As you generate leads from these various sources, keep a few things in mind. This will help you determine the quality of the leads. For example, where did the lead come from? Inbound leads typically require faster response times than offline ones.

Also, is the lead affiliated with a particular company? If so, qualify the company rather than the contact. The higher quality the company is, the faster you’ll want to respond to the lead.

Another consideration is where the lead is in the buying funnel. The closer they are to making a decision, the faster you’ll want to respond. When leads are at the top of the funnel, responding too quickly can scare them off.

Is Lead Scoring the Best Way?

Lead scoring is an effective way to separate your leads and determine which ones are the most valuable based on attributes and behaviors. However, some say that most companies are not equipped to practice lead scoring.

Generally, lead scoring works best for companies that have so many leads they can’t keep up, as well as companies that are confident that certain behaviors/actions will make leads more or less likely to buy.

In most other cases, though, lead prioritization is the better option. Lead prioritization is the process of reviewing each lead and then categorizing them to fit within the context of your service level agreement.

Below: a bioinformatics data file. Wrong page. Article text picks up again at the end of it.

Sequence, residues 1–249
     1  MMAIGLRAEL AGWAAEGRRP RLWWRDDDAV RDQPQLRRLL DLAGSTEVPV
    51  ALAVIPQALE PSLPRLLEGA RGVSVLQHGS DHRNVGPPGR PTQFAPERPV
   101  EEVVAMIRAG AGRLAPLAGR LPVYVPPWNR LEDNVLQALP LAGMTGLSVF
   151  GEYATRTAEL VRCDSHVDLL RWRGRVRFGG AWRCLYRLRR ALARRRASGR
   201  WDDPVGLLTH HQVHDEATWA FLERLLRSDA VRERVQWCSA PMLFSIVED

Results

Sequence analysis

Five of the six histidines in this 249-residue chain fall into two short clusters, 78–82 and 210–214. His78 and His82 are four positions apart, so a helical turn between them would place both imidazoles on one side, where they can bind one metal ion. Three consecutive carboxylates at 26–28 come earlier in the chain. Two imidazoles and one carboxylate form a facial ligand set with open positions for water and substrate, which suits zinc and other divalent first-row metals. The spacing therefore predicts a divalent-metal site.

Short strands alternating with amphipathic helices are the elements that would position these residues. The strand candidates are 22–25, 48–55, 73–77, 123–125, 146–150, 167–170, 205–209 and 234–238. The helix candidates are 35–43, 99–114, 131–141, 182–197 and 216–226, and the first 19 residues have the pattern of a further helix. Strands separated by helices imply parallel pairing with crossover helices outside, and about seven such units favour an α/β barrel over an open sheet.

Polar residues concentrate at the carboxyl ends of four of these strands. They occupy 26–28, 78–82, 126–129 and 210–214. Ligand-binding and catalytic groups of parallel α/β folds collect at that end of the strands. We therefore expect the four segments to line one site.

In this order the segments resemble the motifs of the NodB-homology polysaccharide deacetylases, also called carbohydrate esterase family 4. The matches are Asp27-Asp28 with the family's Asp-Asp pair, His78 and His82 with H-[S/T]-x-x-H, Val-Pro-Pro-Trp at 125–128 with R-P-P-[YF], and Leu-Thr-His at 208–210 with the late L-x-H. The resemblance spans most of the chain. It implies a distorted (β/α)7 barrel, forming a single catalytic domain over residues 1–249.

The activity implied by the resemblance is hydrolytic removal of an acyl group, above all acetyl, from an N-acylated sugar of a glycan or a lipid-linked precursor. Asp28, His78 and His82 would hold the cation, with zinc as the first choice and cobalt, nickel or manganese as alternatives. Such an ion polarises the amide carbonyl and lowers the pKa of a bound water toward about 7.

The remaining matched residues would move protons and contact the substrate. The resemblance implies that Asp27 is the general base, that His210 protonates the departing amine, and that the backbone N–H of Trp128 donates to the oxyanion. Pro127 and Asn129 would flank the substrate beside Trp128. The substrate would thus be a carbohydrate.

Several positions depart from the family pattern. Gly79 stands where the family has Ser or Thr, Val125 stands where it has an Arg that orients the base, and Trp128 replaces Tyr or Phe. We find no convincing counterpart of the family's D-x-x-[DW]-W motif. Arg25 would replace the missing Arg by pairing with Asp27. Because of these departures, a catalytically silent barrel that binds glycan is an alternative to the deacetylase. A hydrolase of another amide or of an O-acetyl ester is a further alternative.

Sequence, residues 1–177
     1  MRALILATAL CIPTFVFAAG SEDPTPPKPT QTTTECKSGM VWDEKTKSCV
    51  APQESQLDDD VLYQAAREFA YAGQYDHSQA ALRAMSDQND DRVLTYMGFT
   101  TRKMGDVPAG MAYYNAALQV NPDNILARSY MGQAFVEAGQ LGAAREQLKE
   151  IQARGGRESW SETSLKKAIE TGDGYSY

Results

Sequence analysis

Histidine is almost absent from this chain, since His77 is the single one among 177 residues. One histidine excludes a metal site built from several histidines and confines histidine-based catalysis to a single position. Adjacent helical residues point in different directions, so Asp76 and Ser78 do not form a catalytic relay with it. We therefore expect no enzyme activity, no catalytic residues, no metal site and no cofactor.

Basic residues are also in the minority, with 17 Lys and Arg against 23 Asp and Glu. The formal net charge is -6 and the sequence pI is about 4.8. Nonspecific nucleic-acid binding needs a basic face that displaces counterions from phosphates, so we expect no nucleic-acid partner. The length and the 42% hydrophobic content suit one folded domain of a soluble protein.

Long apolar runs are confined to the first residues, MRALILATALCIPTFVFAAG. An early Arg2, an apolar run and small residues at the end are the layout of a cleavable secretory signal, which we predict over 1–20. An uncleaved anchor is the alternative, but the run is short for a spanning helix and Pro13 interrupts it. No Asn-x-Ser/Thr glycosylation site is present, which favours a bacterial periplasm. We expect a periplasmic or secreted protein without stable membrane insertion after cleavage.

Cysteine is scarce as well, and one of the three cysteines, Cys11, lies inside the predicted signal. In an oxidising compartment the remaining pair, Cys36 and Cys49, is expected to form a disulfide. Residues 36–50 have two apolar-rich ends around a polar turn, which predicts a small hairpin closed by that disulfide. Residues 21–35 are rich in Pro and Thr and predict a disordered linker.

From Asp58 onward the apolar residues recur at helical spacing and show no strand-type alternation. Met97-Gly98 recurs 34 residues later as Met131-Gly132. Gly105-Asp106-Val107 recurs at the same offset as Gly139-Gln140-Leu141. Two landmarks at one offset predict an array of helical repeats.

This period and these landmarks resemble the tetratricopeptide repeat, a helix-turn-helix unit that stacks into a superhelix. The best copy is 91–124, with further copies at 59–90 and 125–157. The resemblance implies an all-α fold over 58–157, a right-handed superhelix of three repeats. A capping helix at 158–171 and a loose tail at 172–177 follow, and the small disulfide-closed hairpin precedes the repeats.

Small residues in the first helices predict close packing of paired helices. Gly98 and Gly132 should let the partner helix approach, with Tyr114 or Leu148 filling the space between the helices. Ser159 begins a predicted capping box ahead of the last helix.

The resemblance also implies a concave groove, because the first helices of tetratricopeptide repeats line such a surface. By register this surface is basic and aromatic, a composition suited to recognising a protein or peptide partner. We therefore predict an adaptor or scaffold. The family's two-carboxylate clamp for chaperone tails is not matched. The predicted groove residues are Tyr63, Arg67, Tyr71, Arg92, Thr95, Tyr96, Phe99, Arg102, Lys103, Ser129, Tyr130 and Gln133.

Essentially, each lead can be classified as “qualified,” “not qualified” or “not enough information.” Within your qualified leads, determine which ones are low, medium and high based on your own knowledge of your company.

How and When to Respond

In this last section, we discuss a few tips for determining how and when to respond to your leads. Keep your interactions simple, but remember to always respond.

Timing is Everything

The general rule of thumb is that the more qualified the lead is, the quicker you should reach out to them. However, use your best judgement. Not every qualified lead needs to be contacted right away. Many companies lack the resources to respond to every lead as soon as they reach out, and you probably have limitations too.

That said, some estimates show that the average time it takes for companies to contact a lead is 2-3 days. That’s far too long.

Frequency Matters, Too

Not only is the “when” important but also the “how often.” This Hubspot article recommends giving leads six outreaches over a sustained period of time. Remember that it’s fine to incorporate other means of communication such as email or telephone. In fact, trying another method should be done because you never know if the other contact method is not working. Landlines are disconnected, emails are changed, etc. It happens.

Always Practice Nurturing

For most companies, leads don’t convert on the first interaction. It takes lots of time, patience and nurturing. All leads should be nurtured, even those who don’t end up converting. You never know when that lead may come back to you in the future or recommend you to a friend.

Relationships are hard work, aren’t they? As with other relationships, the work you put into your leads will reward you in the long-term. Over time, you will build better connections and become more comfortable in the best ways to handle qualified leads for your company.

 

About the Author: Chris Delany